Do I Have to Talk to Police?

No. The Fifth Amendment to the United States Constitution says you do not have to talk to police. There is one minor exception to this rule, commonly referred to as the “booking information exception”. In Ohio, and in most states, a statute exists that requires you to give to police your name, birthday, and address (your booking info) if the police have reasonable grounds to believe that you have committed a crime, or if you are a witness to a crime. But you do not have to say anything to police other than these three identifiers.

Even though I don’t have to, is it smart to talk to police about my criminal or DUI case?

Police can use what you say against you in court to help secure a conviction. If you are a suspect, that is usually the only reason why police are interested in talking to you. This is because police don’t interrogate suspects to gain perspective, they interrogate suspects for one reason alone: to get a confession.

To this end, police are confession-seeking missiles and they are highly trained professionals in this area. Police will work hard to extract a confession. If they suspect that you are religious, for example, they will pressure you to confess on those grounds, by stressing to you something to the effect that “God is watching.” I have seen this dozens of times. If, during an interrogation, police see that you are particularly concerned about your job, they will imply to you that confessing will (somehow) assist you in keeping your job. Skilled police interrogators can identify and exploit their suspects’ weaknesses and susceptibilities.

Police are also interested in anything that looks like a confession. Police often “see” confessions even when confessions didn’t actually occur. For example, in one case wherein a suspect was alleged to have robbed a store with a knife, and was told by police upon arrest that he was under arrest for robbing a store with a knife, later when a detective was interrogating the suspect, the suspect first stated to the detective, “I did not have a knife.” The detective interpreted this as a confession because the detective had not yet said anything to him about a knife, even though many other officers already had!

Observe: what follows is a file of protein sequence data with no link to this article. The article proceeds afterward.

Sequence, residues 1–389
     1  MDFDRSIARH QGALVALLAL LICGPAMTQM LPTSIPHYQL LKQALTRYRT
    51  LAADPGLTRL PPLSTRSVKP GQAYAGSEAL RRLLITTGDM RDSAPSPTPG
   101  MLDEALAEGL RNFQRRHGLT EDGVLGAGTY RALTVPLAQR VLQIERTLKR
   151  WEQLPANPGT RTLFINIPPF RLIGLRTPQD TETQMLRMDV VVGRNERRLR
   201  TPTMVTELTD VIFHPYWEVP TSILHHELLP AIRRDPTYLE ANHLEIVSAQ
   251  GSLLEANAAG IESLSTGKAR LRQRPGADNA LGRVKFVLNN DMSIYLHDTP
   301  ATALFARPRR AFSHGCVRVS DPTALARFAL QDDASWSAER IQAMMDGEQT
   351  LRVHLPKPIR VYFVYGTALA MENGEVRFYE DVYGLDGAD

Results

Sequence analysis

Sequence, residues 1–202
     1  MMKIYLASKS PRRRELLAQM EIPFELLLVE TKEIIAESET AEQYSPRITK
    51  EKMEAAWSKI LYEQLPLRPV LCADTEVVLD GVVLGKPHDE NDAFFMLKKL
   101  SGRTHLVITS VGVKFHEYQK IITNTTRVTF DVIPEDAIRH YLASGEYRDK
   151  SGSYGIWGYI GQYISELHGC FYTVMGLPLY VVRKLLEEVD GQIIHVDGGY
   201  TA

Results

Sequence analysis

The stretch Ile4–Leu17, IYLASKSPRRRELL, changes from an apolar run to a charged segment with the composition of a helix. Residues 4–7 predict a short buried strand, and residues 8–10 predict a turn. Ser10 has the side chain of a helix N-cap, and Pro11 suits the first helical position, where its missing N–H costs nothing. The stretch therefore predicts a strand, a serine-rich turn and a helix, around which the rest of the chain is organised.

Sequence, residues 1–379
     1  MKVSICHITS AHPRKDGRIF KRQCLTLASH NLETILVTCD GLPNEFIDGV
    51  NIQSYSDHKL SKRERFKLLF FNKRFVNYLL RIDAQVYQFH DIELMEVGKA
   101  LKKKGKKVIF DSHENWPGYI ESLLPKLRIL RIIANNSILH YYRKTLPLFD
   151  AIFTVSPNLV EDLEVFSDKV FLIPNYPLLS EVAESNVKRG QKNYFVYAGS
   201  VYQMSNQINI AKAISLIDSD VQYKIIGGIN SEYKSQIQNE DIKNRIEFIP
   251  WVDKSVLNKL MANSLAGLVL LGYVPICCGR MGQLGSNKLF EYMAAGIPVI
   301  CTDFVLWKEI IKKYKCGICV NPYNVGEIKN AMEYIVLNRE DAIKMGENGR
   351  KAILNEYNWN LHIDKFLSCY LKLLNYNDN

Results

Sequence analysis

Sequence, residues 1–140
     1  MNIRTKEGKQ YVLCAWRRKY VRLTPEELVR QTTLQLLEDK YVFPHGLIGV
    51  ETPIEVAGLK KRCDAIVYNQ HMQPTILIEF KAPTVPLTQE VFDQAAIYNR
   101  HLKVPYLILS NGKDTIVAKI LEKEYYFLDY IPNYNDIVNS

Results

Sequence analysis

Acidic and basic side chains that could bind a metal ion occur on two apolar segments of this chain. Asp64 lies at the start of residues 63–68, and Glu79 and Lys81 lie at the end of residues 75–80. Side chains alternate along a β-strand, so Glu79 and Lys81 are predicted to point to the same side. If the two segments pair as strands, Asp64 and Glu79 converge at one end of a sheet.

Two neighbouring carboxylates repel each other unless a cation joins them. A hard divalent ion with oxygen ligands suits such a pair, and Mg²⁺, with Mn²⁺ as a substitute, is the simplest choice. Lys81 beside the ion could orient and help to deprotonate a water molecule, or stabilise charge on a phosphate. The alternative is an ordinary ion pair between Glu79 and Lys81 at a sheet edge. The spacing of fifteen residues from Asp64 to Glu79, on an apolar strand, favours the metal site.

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This detective felt very smug about his interrogation skills. The police are trained to get a confession from a suspect by any legal means. They are allowed to lie to you, they are allowed to misrepresent the evidence, and they are allowed to suggest to you that you will be treated more leniently if you confess (even though that lenience, in reality, almost never actually comes).[1] There are some tactics that police are forbidden from using, but talented police interrogators don’t steer clear of these forbidden practices, they instead cleverly straddle that fence. This is the platform you will be dealing with if you decide to speak to police about your criminal or DUI case.

And so in most situations speaking to police has a much greater probability of hurting your criminal or DUI case then helping it. It is vital to remember that your case is not tried in the street, or during any conversation you have with police. It is tried later in court. You probably wouldn’t be in police custody if the police weren’t already convinced that you had committed a crime. And if the police thought their case against you was already rock solid, why would they need you to confess?

So why on earth do suspects talk to police?

The overwhelming majority of those charged with crimes agree to speak to police upon arrest about the incident. This is true whether the crime is a simple DUI/OVI, or a major felony. Their willingness to speak to police is unfortunate because, in the overwhelming majority of cases, the defendant makes his situation much worse by talking to the police.

So why do suspects agree to speak to police? Because most of those arrested don’t understand how the system works. Most believe that their case is being tried in the interrogation room, and if they convince the police that they didn’t commit a crime, the police will let them go. It is important to remember that your case is tried in court and that if you have already been arrested, chances are that your side of the story will not result in your release. This is why it is important to have your attorney present if you want to submit to a police interrogation.

So remember:

1) You have the right not to speak to police.

2) You have the right to have an attorney present if you chose to speak to police.

3) If you choose to speak to police you can end your interrogation at any time.

4) If you want to end the interrogation, you must say so in plain words.

5) If police appear to be suggesting leniency (or that they won’t charge you) in exchange for a confession, it is best to insist that such promises be put in writing. When suspects demand that promises be in writing, police interrogators often end the interrogation. Go figure.

 

[1] If you find this doubtful, take a look at State v. Jones, 2015 Ohio 4116 – Ohio: Court of Appeals, 2nd Appellate Dist. 2015.

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